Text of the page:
There was a great deal of positive outcome of that; Japan became prosperous very quickly. If you are able to imagine the poverty and misery of Japan when the war ended, with those sixty-plus cities in rubble… They do build up the economy, energies get very much diverted into economic matters, but it kind of takes the soul out a political idealism.

I think what the film does is it brings to us many things that were buried or forgotten or even never seen, that are very true to the spirit of the times. The artists’ work that was being produced then, is stunning, is stunning.

The U.S.-Japan relationship is not a relationship of equals. It’s a relationship of un-equals and it always has been.

I think it comes through in your film, the humiliation, the anger, and even a kind of resentment, and in some cases bordering on hatred toward the U.S. And you can see where that comes from if you see those planes flying so low over neighborhoods. You see it, uh, of course you see it in the base accidents like that horrendous scene of the youngster that’s been run over by an American military truck. Ah, it emerges in rapes which take place near the bases, but it emerges where all the bars and the prostitutes are, where the soldiers are swaggering, and it’s a sense that, your land has been violated.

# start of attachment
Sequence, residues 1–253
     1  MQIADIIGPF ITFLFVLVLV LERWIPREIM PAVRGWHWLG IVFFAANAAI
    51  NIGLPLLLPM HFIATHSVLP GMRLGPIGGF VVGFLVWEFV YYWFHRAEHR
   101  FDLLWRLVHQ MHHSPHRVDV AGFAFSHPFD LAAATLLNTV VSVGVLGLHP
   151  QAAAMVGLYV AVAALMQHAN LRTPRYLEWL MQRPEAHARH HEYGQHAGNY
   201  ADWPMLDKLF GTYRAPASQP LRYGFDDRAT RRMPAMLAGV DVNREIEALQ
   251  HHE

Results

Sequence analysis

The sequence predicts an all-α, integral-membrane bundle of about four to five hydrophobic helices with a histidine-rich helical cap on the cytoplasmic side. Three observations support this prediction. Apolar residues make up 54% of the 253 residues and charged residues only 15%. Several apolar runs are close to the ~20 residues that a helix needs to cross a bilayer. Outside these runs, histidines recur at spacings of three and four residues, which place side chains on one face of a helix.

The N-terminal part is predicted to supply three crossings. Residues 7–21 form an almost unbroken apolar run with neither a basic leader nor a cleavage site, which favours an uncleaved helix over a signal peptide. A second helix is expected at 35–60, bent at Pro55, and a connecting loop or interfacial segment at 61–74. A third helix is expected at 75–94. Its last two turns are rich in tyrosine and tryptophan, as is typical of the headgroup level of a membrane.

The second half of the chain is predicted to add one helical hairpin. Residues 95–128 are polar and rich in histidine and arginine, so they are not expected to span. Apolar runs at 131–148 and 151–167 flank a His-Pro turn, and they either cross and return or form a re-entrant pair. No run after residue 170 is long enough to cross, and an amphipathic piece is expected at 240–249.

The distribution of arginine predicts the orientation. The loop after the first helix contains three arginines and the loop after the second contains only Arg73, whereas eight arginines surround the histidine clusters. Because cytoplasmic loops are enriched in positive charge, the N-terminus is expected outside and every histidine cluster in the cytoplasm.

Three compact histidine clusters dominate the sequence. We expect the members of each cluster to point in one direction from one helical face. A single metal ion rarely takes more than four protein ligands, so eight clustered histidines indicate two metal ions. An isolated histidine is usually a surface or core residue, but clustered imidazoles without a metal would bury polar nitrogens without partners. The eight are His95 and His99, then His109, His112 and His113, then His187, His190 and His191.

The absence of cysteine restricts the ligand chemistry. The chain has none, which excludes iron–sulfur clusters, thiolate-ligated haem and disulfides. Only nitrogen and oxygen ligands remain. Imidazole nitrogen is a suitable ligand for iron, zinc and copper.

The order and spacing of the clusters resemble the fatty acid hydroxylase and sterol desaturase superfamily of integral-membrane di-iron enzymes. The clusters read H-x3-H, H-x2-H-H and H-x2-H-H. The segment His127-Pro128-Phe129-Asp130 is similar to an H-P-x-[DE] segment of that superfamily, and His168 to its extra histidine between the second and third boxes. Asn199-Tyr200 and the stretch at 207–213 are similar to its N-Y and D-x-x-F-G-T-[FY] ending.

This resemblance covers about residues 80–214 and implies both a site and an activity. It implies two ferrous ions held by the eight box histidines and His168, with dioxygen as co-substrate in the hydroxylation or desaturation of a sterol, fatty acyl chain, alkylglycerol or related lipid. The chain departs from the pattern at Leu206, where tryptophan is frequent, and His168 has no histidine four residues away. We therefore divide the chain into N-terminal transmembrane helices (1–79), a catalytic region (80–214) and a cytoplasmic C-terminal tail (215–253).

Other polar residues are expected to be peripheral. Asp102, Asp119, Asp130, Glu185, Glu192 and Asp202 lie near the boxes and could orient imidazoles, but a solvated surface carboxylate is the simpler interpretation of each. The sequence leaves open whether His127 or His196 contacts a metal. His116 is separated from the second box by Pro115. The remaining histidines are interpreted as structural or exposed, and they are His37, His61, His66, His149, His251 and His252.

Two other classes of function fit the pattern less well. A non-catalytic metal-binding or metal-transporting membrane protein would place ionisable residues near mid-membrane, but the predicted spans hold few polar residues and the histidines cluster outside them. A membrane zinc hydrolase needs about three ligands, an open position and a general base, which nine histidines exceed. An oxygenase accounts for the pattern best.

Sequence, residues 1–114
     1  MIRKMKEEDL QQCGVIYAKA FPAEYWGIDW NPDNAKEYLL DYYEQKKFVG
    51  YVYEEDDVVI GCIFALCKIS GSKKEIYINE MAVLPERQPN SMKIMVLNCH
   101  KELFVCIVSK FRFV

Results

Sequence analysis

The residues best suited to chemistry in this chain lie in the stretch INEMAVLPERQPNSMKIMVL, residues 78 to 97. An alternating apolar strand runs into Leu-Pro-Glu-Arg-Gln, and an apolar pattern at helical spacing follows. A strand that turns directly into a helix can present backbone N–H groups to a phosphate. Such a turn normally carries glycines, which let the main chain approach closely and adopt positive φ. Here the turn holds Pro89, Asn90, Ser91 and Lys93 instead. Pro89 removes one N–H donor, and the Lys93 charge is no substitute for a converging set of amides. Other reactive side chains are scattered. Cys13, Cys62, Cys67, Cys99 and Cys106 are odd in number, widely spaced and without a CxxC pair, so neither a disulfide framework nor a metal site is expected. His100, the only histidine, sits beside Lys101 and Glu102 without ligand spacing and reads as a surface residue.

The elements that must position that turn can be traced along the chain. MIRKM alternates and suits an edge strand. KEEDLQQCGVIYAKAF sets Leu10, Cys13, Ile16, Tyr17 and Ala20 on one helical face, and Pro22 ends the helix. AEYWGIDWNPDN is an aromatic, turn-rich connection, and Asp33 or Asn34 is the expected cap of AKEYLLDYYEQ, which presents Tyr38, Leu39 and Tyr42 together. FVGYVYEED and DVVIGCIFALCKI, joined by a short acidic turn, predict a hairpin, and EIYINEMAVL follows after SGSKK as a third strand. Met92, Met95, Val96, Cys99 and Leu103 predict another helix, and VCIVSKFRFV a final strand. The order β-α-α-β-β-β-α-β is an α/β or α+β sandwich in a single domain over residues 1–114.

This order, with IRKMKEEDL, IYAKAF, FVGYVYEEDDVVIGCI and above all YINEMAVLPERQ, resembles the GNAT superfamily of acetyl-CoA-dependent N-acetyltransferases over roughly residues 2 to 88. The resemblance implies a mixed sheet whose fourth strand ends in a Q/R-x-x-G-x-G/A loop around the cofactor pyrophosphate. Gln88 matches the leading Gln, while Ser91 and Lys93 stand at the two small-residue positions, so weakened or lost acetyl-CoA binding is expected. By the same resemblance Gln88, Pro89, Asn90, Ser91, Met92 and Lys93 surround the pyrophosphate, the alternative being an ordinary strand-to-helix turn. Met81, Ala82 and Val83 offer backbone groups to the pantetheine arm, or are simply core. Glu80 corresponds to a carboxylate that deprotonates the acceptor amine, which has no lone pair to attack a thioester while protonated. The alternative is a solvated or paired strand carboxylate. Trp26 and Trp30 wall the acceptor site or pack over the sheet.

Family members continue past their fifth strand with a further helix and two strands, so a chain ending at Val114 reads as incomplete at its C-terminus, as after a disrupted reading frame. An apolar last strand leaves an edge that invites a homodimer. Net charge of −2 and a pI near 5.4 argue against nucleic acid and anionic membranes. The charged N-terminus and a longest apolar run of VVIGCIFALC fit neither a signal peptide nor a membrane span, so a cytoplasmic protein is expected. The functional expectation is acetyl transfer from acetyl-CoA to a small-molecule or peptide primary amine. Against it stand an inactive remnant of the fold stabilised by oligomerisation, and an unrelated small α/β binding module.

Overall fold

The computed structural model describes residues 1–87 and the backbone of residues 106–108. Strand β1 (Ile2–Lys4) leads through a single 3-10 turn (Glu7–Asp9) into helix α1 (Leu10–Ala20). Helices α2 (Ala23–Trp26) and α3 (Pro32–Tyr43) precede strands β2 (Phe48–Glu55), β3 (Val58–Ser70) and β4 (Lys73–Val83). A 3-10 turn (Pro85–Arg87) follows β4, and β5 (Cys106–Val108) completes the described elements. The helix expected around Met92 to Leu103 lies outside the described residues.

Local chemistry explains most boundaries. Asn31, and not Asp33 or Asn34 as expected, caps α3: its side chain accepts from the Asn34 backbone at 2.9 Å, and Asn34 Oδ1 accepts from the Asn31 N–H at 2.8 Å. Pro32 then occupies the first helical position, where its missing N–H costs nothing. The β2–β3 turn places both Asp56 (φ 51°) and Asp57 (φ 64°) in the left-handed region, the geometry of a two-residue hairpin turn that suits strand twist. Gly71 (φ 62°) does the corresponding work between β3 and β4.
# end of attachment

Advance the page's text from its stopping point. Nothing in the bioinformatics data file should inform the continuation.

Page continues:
Okinawa has just become a terrible place because of those bases. Environmentally, and in every way.  It’s hard for us to, as Americans, because we’re so privileged and we’re so free of this feeling, to understand that, but I think that also comes out of the film. How would we feel if the situation were reversed? That’s very hard for people to, to reverse places, to change places in that way, but the film helps us do that.

And I think the visuals have real, real integrity. It’s a Japan most people have never seen. It doesn’t fit American stereotypes. Japan isn’t just Hello Kitty. It isn’t just monger of girls with great big eyes and, and eyelashes. It’s a very complex society, and it reached a kind of a fiery moment in 1960.

Dr. John Dower

Dr. John Dower is MIT emeritus professor of Japanese history. He is the widely respected author of multiple books about modern Japanese history, including Embracing Defeat: Japan in the Wake of WWII, about the U.S. Occupation of Japan, that received the Pulitzer Prize, the National Book Award, the Bancroft Prize, the Fairbanks Prize, and the Los Angeles Times Book Prize.

He also co-founded MIT’s Visualizing Cultures project, pioneering the use of visual materials to reexamine the experience of Japan and China in the modern world.